Interview: Peter Lingard, Author of Boswell’s Fairies

Instead of a book review, this week, I thought I’d chat with internationally published author, Peter Lingard who has just released his debut novel, Boswell’s Fairies – see my earlier review

I hope you enjoy it.

Peter Lingard, tell us a bit about yourself.

My life has been in phases. I went to a good school but quit at 15. I worked in a bank and found it stultifying. I served in the Royal Marines and, after leaving them, worked for a shoe importer because marine shipping was the closest thing to Royal Marines on the filing system used by the employment agency. The man that owned the company considered taking me on a good deed. It was an easy jump to freight forwarding and later my employer sent me to the US to open a new office for them at JFK airport. It took me a number of years but I eventually owned my own freight forwarding company in NY.

I yearned to travel again and returned to the UK where I worked as an accountant and a farmhand for a while. However, too many people were saddled with attitudes that soured me. (I wrote to a newspaper in Wales suggesting that if they put as much energy in their work as they do in hating the English, they be a very successful country. The responses were less than pleasant.) As Australians speak English, I thought this country might be a good place to visit, and I arrived in 2000.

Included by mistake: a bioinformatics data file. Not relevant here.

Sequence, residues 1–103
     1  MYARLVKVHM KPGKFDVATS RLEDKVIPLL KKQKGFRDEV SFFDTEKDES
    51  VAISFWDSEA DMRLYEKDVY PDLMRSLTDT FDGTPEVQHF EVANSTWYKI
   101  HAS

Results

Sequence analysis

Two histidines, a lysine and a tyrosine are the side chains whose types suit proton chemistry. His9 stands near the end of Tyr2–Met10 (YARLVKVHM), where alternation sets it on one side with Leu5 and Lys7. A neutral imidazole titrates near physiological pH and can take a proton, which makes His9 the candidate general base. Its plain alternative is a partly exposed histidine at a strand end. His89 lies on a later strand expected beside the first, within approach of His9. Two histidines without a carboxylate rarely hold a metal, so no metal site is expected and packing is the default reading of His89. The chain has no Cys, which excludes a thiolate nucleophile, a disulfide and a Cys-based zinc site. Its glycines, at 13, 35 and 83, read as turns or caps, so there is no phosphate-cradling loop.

You’ve just published your first novel. What is your book, Boswell’s Fairies about?

A lot of servicemen are adept at telling fantastic stories. Marines I knew swore they’d swum the widest oceans, climbed the highest mountains (not without justification – think of the Falklands war), and dated the most beautiful and willing women. I have blended these colourful lies with the story of a squad of recruits undergoing the 10 months of basic trading. The main characters are a bored banker, not too hard to image, and a pro wrestler who was fed up of having to lose every fight until someone decided he’d paid his dues.

What inspired you to write this story?
What’s the point of having a good story if you can’t tell it to people? Writing it was enjoyable. That is until one has to edit and edit and re-edit.

How long have you been a writer and what influenced you to first put pen to paper?